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Babbitt Enters Democrat Field for President

March 11, 1987|ROBERT SHOGAN | Times Political Writer

MANCHESTER, N.H. — Former Arizona Gov. Bruce Babbitt Tuesday announced his candidacy for the Democratic presidential nomination, proposing a series of changes in economic policy that he promised would give control of their national destiny back to Americans.

"I want to see an America in charge again," Babbitt told several score supporters gathered here in the nation's first presidential primary state. "And that is going to take nothing less than a transformation of our economy."

Babbitt's announcement site, an old textile mill converted into a science learning center, was chosen to dramatize the candidate's faith in the potential of high tech for boosting productivity.

Among the provocative ideas for change offered by the newly announced candidate:

--Raising taxes on Social Security payments to affluent beneficiaries.

--Expanding profit-sharing plans to cover two-thirds of the work force.

--Scrapping current trade agreements to allow the United States to impose stiff tariffs on nations that export far more to this country than they import.

Babbitt is the second candidate to formally enter the race for the 1988 Democratic nomination, joining Missouri Rep. Richard A. Gephardt who declared last month. Former Colorado Sen. Gary Hart, the front-runner in the polls, Delaware Sen. Joseph R. Biden Jr. and the Rev. Jesse Jackson are expected to make their announcements this spring. Aides to Massachusetts Gov. Michael S. Dukakis say that he will disclose next week whether he will be a candidate.

Early Votes Vital

Slim and sandy haired, the 48-year-old Babbitt is known for his restrained manner and his intellectual seriousness. Like several other contenders who are little known nationally, his prospects rest heavily on his making a strong showing in the initial delegate contests next year in Iowa caucuses and then here in New Hampshire.

More particularly, though, Babbitt's advisers say his campaign is geared to his various proposals for changes in public policy. "This campaign is going to rise or fall on the response to his (Babbitt's) ideas on issues," said Sergio Bendixen, a consultant to the campaign. "The essence of his candidacy is the gutsiness of his proposals."

Indeed many of the ideas Babbitt ticked off in his earnestly delivered 30-minute announcement speech seemed certain, as the candidate put it himself in his opening remarks, "to make waves."

For example, his proposal for boosting the tax on Social Security benefits--up to half of which are now taxable for couples with incomes above $32,000--is likely to be viewed as a threat to continued political support from the middle class for the Social Security system.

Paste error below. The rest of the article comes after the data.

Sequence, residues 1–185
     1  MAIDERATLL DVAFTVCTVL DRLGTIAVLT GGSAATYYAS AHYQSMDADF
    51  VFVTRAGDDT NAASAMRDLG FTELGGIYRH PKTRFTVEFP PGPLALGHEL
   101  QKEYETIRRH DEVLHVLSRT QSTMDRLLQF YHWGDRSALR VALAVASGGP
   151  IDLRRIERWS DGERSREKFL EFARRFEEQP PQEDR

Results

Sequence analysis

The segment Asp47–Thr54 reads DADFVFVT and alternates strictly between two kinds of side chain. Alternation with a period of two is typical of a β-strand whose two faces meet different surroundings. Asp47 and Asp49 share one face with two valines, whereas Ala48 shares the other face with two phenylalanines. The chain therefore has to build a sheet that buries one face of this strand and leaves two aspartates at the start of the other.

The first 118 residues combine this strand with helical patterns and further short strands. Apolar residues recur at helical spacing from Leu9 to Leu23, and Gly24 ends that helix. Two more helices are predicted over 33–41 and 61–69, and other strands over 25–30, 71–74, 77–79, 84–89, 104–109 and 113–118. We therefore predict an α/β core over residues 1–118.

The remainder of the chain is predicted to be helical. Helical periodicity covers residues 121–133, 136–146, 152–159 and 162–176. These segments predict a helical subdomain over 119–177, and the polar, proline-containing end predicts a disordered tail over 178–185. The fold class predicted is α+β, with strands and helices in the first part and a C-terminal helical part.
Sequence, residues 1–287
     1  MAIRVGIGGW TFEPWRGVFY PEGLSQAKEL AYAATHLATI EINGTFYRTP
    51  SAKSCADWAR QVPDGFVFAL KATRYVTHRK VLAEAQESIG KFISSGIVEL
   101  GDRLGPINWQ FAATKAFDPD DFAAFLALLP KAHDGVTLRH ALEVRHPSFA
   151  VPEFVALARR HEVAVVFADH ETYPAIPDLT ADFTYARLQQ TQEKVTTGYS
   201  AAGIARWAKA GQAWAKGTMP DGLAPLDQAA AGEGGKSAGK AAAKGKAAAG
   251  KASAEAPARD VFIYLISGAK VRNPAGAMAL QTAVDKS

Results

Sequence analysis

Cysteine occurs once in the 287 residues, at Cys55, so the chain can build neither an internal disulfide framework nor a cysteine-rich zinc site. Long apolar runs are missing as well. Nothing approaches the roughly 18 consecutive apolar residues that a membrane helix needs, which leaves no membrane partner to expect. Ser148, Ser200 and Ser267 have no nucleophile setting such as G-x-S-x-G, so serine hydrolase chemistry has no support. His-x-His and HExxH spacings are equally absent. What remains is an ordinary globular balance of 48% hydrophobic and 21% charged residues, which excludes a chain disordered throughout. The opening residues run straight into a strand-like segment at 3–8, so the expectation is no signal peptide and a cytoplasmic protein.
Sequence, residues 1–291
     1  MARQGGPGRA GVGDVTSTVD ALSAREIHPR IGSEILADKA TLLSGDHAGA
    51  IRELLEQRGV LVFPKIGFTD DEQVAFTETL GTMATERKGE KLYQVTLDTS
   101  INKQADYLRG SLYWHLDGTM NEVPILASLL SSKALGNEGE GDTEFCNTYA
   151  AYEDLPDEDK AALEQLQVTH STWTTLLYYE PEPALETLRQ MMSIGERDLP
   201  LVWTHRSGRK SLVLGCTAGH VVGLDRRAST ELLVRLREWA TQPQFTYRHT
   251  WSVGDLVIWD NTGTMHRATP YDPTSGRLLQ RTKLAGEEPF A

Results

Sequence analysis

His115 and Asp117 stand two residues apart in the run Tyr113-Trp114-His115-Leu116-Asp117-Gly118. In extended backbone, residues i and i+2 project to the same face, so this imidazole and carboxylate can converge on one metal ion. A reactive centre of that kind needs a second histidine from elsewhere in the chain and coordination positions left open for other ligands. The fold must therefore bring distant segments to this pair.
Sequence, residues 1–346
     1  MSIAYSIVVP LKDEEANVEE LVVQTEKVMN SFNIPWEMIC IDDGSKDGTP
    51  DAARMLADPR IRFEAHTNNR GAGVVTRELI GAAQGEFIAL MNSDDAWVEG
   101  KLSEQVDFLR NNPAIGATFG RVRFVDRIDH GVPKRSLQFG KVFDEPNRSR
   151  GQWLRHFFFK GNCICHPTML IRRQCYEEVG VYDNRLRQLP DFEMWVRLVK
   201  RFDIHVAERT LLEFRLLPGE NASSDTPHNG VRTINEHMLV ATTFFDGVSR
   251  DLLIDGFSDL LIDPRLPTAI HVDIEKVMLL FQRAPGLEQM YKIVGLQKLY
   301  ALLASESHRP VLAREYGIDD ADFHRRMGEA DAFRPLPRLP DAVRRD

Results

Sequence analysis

But Babbitt framed his proposal as a question of priorities. "Government can't do everything for everybody," he said. "Do the Vanderbilts and the Mellons really need just the same tax exempt Social Security benefit as a widow in a cold water flat?"

Productivity Pay

Similarly Babbitt's profit-sharing proposal would be regarded with anxiety by organized labor, out of fear that it could turn into a loss-sharing scheme. But Babbitt contended: "The next President ought to say that no American company will be permitted to deduct an executive bonus as a business expense unless it offers productivity pay to every single employee," adding that such bonuses should be exempt from income taxes.

As for Babbitt's tariff hike idea, it seems certain to draw criticism from free traders. But Babbitt argued: "The overall value of what you sell to the world must match the overall value of what you buy. And if that is not the case and if you won't balance your accounts, then your victims will balance them for you--with across the board tariffs that increase every year."

In the lesser portion of his speech dealing with foreign affairs Babbitt called for a comprehensive ban on nuclear testing and a moratorium with the Soviet Union on deployment of "Star Wars" weaponry. He also sharply criticized the Reagan Administration's arms dealings with Iran.

"We must never again trade anything of value for a hostage," he said. "America does not have to leave arms merchants in charge of our diplomacy."

Babbitt in effect has been running for President since early 1985 when he decided neither to try for another term as governor after nine years in that office nor to seek the U.S. Senate seat being vacated by Republican Barry Goldwater.

Urges New Approaches

Though little known to the general public, he was already attracting attention in political circles outside Arizona because of his vigorous advocacy of new approaches to government problems in speeches and published articles.

Despite his responsibilities as governor and with the help of his own political action committee, Babbitt--like other 1988 Democratic hopefuls--began stumping around the country in 1986. He made 18 visits to Iowa and nine to New Hampshire, building a network of support for his candidacy.

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